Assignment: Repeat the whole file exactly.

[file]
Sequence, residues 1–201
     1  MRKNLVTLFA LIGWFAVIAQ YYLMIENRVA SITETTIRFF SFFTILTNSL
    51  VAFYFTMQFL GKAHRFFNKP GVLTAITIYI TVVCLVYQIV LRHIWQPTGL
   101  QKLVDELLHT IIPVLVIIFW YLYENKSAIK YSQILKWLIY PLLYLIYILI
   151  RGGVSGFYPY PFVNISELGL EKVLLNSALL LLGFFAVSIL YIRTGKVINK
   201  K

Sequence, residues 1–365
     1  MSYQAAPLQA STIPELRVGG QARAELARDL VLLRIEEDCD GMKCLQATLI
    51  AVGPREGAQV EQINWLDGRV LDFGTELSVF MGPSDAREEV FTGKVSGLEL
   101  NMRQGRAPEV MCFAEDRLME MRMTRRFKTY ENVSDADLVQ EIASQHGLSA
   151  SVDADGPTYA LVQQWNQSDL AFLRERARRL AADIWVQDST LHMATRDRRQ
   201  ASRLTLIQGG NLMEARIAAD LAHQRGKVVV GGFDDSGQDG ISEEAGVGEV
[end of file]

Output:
Sequence, residues 1–201
     1  MRKNLVTLFA LIGWFAVIAQ YYLMIENRVA SITETTIRFF SFFTILTNSL
    51  VAFYFTMQFL GKAHRFFNKP GVLTAITIYI TVVCLVYQIV LRHIWQPTGL
   101  QKLVDELLHT IIPVLVIIFW YLYENKSAIK YSQILKWLIY PLLYLIYILI
   151  RGGVSGFYPY PFVNISELGL EKVLLNSALL LLGFFAVSIL YIRTGKVINK
   201  K

Sequence, residues 1–365
     1  MSYQAAPLQA STIPELRVGG QARAELARDL VLLRIEEDCD GMKCLQATLI
    51  AVGPREGAQV EQINWLDGRV LDFGTELSVF MGPSDAREEV FTGKVSGLEL
   101  NMRQGRAPEV MCFAEDRLME MRMTRRFKTY ENVSDADLVQ EIASQHGLSA
   151  SVDADGPTYA LVQQWNQSDL AFLRERARRL AADIWVQDST LHMATRDRRQ
   201  ASRLTLIQGG NLMEARIAAD LAHQRGKVVV GGFDDSGQDG ISEEAGVGEV